There was a justifiably public outcry against the over 150% increase in salaries for the Executive, Legislative and the Judicial branches of government as published in the Ghanaian media. Coincidentally, just at the same time this outrageous salaries increase were announced, there was report in the news (which was later denied) that employees of Ghana Education Service have had their salaries cut.
On the average, the Ghanaian civil servant got a pay rise of 18% after marathon negotiations and numerous threats of strike. So why not accord members of the Executive, Legislature, and the Judiciary the same percentage of increase? I mean if 18% salary increase is good enough for the teacher, why does the MP or even the President thinks he deserves more than 18% increase? The work of the teacher, the nurse, the Ghana Water Company guy are all equally important as that of an MP or a Minister of state.
Politics must equal Public Service
Politics is all about public service it should never be about making money. Politicians run for office to serve but not to lord it over the people but it seems these days it seems they run to make money and not to work. That is the reason why I was so disappointed and even shocked by the unashamedly self serving justification offered by Nana Ato Dadzie, one time chief of staff to former president Rawlings. He was reported by Joynews to have said “given the type of work the Article 71 officers do, they have to be paid a decent salary, so they will not have to prepare for a rainy day”.
So is he saying that apart from these officers all other group of workers in Ghana do not deserve a decent salary? Is he dumb enough to say out loud that the government does not give a damn about all the other group of workers and they are on their own to deal with any rainy day except the Article 71 workers? In any advanced civilized democracy, this is the type of comment that will cause one to lose his job. It is insulting to all other groups of Ghanaian workers.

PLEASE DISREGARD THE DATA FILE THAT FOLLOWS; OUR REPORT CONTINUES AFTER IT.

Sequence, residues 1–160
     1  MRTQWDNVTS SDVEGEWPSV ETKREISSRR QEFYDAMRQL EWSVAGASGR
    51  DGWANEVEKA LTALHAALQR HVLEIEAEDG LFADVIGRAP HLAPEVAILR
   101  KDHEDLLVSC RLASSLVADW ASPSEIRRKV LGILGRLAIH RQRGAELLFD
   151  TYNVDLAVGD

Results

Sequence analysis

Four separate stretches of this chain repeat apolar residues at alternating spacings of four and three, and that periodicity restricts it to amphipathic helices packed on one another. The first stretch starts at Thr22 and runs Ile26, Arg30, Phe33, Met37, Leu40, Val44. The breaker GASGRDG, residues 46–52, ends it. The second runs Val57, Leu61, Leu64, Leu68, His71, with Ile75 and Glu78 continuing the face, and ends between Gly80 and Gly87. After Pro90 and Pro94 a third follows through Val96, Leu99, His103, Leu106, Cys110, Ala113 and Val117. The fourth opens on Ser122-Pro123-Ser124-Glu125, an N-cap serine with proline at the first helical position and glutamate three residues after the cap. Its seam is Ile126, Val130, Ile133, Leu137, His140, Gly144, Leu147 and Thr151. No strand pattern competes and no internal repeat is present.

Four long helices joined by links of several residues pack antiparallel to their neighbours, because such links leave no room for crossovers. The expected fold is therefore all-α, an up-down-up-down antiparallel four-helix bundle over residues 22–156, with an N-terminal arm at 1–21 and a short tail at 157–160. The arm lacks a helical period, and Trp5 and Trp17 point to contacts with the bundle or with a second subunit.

Our intellectuals who chair these bogus committees to make such outrageous recommendations are bringing the name of the erudite profession into disrepute. Kuffour set up the Greenstreet and Chinery Hesse (these two are academics) committee to make undeserved and completely out of this world for hefty retirements benefits for himself, and now here we go again with the Ewura Ama (another academic) committee with this out of touch and unsustainable recommendations for salary increase to the Executive, Legislature and the Judiciary. Have our academics become partners in the rapacious greed ailing our politics and destroying our economy?